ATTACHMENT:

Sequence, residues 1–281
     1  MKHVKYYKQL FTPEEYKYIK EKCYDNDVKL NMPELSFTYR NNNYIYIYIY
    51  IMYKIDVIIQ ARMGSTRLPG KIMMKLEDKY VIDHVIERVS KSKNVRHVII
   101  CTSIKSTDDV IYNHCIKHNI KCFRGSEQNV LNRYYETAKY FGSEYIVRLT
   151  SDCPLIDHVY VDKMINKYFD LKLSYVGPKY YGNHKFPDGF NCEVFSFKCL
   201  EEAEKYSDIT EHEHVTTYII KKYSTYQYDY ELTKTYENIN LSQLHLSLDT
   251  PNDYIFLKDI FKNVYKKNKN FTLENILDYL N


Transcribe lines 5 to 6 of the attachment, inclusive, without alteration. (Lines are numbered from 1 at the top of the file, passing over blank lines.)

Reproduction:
   151  SDCPLIDHVY VDKMINKYFD LKLSYVGPKY YGNHKFPDGF NCEVFSFKCL
   201  EEAEKYSDIT EHEHVTTYII KKYSTYQYDY ELTKTYENIN LSQLHLSLDT